·        The budget has been produced on an ‘as is’ basis in terms of service delivery, but service leads in a number of areas (including StreetScene, Environmental Health and Car Parks, Development and Management, Arts and Culture) have highlighted that in order to deliver services as is, and items within the Council Plan, they would require additional staff resources.  These items, totalling £737k, are currently not in the budget as they are unaffordable;

·        Other items not included in the budget due to being unaffordable include a request for £60k per year for Council Voluntary Service and £50k for a detailed Tree Strategy;

·        The New Homes Bonus for 2022-23 is £2.1 million. Of this, £1.5 million will go into the General Fund and the remainder into the Capital Budget to fund the capital programme;

·        The Housing Revenue Account will be debated for recommendation by the Housing Review Board;

·        The Capital Programme has been considered by the Budget Setting and Capital Allocation Panel.  Recommendations were approved by Cabinet and are reflected in the presented Capital Budget.  

 

The risks for the year ahead, which have been included in the draft, include:

·        Recycling and Refuse – negotiations are ongoing regarding additional crew and vehicles required to meet increased demand, and a separate report will be taken to Cabinet and Council with the full details of implications for the Revenue and Capital Budgets.  Discussions have indicated that a budget should be included in the range of £400k to £600k;

·        LED – a Service Level Payment is included in the draft budget of £944k but there is a risk that the final sum could be higher if no service degradation is to be seen.  Full details will be presented through the LED Forum for debate.  It is proposed that a sum in the range of £50k - £100k as additional budget may be required;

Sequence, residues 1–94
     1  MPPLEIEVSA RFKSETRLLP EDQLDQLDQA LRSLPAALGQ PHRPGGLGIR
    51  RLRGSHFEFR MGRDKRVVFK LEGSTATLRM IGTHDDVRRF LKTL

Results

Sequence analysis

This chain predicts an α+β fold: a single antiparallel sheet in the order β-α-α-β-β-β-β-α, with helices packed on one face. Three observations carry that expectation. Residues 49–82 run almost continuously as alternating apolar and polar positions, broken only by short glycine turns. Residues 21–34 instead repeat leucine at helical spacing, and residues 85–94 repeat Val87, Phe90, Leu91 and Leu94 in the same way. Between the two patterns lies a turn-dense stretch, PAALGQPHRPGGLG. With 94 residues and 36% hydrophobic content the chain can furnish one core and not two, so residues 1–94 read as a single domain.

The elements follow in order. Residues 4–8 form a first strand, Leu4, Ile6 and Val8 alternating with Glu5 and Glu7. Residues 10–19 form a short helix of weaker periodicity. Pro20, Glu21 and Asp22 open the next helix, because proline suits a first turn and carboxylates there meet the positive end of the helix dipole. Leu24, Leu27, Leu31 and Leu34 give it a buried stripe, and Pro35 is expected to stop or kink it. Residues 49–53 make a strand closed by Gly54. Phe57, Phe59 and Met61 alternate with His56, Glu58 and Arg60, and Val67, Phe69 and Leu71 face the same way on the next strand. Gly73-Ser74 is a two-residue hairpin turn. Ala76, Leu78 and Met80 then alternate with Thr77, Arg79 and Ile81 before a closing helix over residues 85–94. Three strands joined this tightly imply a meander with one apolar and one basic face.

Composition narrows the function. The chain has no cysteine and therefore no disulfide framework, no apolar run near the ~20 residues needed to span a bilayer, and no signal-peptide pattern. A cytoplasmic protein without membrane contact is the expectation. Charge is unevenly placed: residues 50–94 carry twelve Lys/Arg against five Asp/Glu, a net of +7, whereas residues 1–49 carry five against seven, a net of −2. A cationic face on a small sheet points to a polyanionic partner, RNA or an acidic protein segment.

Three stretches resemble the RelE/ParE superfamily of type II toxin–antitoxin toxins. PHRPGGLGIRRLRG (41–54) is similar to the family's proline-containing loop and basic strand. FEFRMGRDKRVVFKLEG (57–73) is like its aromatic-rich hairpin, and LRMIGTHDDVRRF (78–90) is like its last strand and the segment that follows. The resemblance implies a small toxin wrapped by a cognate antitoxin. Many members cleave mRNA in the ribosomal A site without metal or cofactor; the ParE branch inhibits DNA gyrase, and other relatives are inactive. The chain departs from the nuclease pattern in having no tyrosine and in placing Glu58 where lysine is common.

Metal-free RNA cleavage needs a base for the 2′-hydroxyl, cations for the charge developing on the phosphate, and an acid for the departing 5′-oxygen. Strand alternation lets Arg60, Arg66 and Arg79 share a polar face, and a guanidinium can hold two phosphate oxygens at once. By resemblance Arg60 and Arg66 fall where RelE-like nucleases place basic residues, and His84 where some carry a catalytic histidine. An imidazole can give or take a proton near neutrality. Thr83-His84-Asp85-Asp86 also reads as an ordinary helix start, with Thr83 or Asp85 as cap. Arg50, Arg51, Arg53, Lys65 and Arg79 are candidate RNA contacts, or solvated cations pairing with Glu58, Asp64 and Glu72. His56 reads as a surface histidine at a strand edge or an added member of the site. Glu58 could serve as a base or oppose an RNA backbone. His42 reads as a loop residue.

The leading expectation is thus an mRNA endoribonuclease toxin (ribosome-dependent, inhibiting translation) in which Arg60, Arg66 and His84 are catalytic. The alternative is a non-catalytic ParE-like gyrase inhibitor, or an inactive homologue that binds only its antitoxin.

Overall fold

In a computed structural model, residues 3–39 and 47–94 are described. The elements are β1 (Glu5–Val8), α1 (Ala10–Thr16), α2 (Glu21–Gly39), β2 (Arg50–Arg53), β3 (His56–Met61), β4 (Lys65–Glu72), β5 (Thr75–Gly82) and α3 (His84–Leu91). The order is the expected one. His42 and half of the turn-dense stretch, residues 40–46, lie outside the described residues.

·        Pay review – an authority-wide pay review is in progress and  ...  view the full minutes text for item 36.

37.

Key Service Plan Objectives 2022 - 2023

Minutes:

The joint committees considered the service plan objectives for the following services:

·        Countryside and Leisure

·        Environmental Health and Car Parks

·        Housing

·        Streetscene

 

The Strategic Lead Health, Housing and the Environment delivered a presentation outlining the significant challenges that the four services face and the cross-cutting themes that appear in each of the service plans, including:

·        Resource challenges with respect to staff recruitment, retention and absence, and the need to maintain staff morale;

·        Staff health and safety.  It was noted that there were some dangerous activities, for example tree surgery, and litter picking on high-speed roads;

·        A number of budget requests put forward to meet significant growth in customer demand had been deemed unaffordable, therefore the focus would be on managing services with the available resource and ensuring staff were deployed to best effect;

·        The Council’s commitment to achieving a carbon net zero position over the next 20 years, with good progress being made;

·        Public health, and the Council’s work in facilitating the response to the pandemic and recovery back to near-normal conditions;

·        Addressing poverty in line with the Poverty Strategy and action plan, based on identified objectives.  It was noted that this was an area that would become increasingly important for the Council, in protecting vulnerable communities.

 

37a

Countryside & Leisure pdf icon PDF 624 KB

Minutes:

The Service Lead Countryside and Leisure presented the service’s 2022-23 service plan, outlining the key strategic themes and challenges and highlighting some specific service activities that are planned to meet those challenges.  He highlighted:

·        The statutory work that the service covers;